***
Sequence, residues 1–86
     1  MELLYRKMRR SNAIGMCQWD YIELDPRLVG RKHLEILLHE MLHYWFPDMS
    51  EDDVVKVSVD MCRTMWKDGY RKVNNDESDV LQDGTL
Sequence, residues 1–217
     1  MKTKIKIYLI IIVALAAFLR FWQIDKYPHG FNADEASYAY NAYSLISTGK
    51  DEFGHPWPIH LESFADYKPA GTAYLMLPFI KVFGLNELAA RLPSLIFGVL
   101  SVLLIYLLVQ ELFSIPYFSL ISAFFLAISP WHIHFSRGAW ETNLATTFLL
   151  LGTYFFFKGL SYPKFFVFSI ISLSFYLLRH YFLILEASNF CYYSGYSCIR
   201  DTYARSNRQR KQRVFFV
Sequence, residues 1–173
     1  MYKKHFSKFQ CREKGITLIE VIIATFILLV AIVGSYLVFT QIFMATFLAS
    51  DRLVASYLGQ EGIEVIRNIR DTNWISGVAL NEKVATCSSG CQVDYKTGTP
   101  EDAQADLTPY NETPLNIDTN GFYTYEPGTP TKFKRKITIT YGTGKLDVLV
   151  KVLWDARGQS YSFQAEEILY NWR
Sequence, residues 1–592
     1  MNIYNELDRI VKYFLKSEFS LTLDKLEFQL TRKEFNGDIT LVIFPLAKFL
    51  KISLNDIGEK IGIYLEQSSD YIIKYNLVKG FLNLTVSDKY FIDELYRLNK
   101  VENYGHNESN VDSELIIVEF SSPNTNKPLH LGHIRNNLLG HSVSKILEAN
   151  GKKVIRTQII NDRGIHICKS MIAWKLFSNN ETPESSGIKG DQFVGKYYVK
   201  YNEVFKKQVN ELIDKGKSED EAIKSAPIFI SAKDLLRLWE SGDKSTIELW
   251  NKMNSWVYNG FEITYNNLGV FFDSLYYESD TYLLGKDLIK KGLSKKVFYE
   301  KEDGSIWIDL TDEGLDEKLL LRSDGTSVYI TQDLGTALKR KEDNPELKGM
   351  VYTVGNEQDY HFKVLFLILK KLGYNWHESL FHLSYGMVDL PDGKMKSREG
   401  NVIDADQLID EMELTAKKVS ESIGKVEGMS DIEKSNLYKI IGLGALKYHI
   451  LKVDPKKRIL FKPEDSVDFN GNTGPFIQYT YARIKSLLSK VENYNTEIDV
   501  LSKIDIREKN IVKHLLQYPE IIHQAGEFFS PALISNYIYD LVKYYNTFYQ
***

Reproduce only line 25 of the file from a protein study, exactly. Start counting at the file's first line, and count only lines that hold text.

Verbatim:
   451  LKVDPKKRIL FKPEDSVDFN GNTGPFIQYT YARIKSLLSK VENYNTEIDV